About this Guest Blogger: Johnny Makkar is a digital marketer who blogs at Attention Digital. You can also find Johnny on Twitter @jsmakr.
On Thursday night, Deep Focus hosted “Is The Future F#cked?” as part of Social Media Week which was held at the trendy Hudson Terrace. The big debate revolved around the future of media, a topic many people in the advertising and publishing industry have certainly been putting a lot of thought into lately.
- Ian Schafer (@ischafer), CEO of Deep Focus
- Nick Denton (@NickDenton), CEO of Gawker Media
- Joe Marchese (@joemarchese), President of SocialVibe
Below are the frightening questions the panel focused on while providing their own insights. Make sure to also check out the video of the event (which should be up soon) along with the other commentary from attendees on Twitter using the hashtag #smwfcked.
Is traditional media f#cked?
Rob Norman doesn’t think so, stating “traditional media channels still give brands the push they need.” Nick Denton was brutally honest with his thoughts on newspapers, letting everyone know that he thinks “most are incredibly boring.”
“The news has to be entertaining.” I agree 100% with Joe and it’s pretty obvious why a show like John Stewart (which was referenced) has built such a large following. Ian is concerned about all content moving towards an a la carte model, which would make it extremely hard for content that appeals to a smaller niche to survive.
Rob asked, “where does creativity evolve from in a social world?” Nick replied that encourages his writers to be creative by rewarding the ones who bring in the most page views and unique visitors.
Joe Marchese and Nick Denton (from left to right) | Photo credit: Kelly Samardak’s Flickr
Is online advertising f#cked?
Ian wasted no time pointing out the downward trend in ad click-through rates vs. impressions. He does, however, give credit to Google which has proven that good impressions are worth more using valuable data. Ian’s newly coined term for the race-to-bottom in ad performance: “direct responsified.” (via @superfem)
Rob brings up word-of-mouth, which he points out is “now perceived to be measurable and more effective.” There’s no arguing that it’s becoming more effective, but what the industry is obviously still struggling with is the measurement part. Ian adds, “brands generally don’t know the value of an engagement with social media.” Social media measurement is a hot topic and a service many companies are trying to get right, but we still have a lot of work to do.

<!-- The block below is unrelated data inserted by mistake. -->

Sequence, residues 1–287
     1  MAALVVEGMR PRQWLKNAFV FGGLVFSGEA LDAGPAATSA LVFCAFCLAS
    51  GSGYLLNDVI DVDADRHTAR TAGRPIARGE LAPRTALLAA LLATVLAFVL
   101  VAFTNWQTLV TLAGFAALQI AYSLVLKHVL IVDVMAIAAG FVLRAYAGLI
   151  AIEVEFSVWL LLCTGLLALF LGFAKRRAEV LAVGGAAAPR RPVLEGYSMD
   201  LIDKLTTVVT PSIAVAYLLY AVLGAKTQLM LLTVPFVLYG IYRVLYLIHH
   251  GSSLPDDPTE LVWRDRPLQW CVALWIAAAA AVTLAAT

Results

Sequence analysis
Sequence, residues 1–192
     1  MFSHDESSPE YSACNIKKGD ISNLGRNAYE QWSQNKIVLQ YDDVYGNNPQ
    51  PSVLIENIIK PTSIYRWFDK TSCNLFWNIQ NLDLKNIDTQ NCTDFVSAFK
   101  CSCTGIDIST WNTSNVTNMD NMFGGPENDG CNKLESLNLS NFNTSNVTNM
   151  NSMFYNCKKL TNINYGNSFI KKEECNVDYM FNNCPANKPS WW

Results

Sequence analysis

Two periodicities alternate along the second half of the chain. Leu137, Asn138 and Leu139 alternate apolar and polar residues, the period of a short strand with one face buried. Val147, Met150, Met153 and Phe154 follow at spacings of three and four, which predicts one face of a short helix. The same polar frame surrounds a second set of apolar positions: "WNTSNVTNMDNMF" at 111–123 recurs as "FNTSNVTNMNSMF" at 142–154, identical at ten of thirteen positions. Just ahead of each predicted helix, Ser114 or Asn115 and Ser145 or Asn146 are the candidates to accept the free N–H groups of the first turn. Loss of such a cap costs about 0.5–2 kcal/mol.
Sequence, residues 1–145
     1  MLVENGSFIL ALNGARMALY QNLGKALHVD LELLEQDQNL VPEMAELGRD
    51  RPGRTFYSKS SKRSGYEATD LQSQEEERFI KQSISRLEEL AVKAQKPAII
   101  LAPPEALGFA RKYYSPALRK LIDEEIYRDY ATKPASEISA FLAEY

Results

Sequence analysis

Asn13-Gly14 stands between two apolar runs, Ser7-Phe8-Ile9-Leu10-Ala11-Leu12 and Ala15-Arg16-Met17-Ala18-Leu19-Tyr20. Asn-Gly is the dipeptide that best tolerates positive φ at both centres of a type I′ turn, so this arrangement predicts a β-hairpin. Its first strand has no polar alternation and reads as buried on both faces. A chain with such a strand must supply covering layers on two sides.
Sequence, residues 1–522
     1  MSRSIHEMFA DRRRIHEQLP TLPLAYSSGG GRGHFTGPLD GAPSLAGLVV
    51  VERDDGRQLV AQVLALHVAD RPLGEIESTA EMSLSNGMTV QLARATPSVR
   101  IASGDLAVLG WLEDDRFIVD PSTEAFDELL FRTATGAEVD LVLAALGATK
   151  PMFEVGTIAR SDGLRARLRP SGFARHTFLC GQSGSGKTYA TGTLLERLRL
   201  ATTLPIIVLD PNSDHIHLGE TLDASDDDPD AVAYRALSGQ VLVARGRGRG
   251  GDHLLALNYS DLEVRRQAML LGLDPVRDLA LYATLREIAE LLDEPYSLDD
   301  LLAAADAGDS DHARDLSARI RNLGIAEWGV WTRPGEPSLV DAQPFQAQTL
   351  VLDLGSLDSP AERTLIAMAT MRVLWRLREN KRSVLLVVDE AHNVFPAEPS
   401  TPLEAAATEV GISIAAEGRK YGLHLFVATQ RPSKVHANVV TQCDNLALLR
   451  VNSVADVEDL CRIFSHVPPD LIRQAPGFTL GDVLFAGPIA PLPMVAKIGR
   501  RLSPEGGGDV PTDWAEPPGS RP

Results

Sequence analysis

At another SMW event, Reinvention From The Ground Event, Pepsi’s Global Director of Social Media seemed to have similar thoughts, asking “How do you get your company and brand to evolve from a focus on impressions as a measure of media efficacy, to connections and engagement with consumers?”
Is the real-time web the future?
While there are many wonderful advantages to getting information faster, it takes a little more work on our part to become better filters of the social web. Ian summed it up nicely by saying, “we are all broadcasting information, anyone with followers and friends online. Now it’s our responsibility to call foul on news, brands, and celebrities when the truth is stretched.”
Nick Denton is not a fan, “Twitter is the worst facet of online media right now”, bringing up the Jason Calacanis’s recent iPad stunt which got picked up by a reputable blog as being a real product leak. But Nick also mentioned that Gawker get’s 5% of their stories wrong, so no matter what, no content provider is perfect (and the reason why lawyers are kept busy).
“As media becomes more social, that leads to inherent problems,” says Ian. Rob adds “brands want to protect their identity, so they don’t want to advertise in online environments.” It’s pretty clear why advertisers don’t want to attach themselves to sites like YouTube and Digg that rely heavily on user-generated content because of the large amounts of offensive material. “Commenters on most social media sites are idiots,” says Nick.
Everyone agrees that our attention is increasingly in limited supply. Yes, the future may be f#cked for many traditional content creators and media companies that aren’t paying close attention and adapting but that will only open doors for other players. It certainly helps to pay close attention to how certain businesses and brands are experimenting and adapting to stay relevant.
“Everything single thing we do is a work in progress.” — Nick Denton
“When brands see results, it’s no longer an experiment” — Ian Schafer
“This makes our life is a fuck-load more complicated” — Joe Marchese
“Impressions are dead in digital because they are meaningless/fictional” — Joe Marchese
“Creativity is like magic, you can’t bottle it. You can never predict a popular story” — Nick Denton
“Social media allows audiences to opt-in and discover things” and “express an interest in a brand that might not view them as target audience” — Rob Norman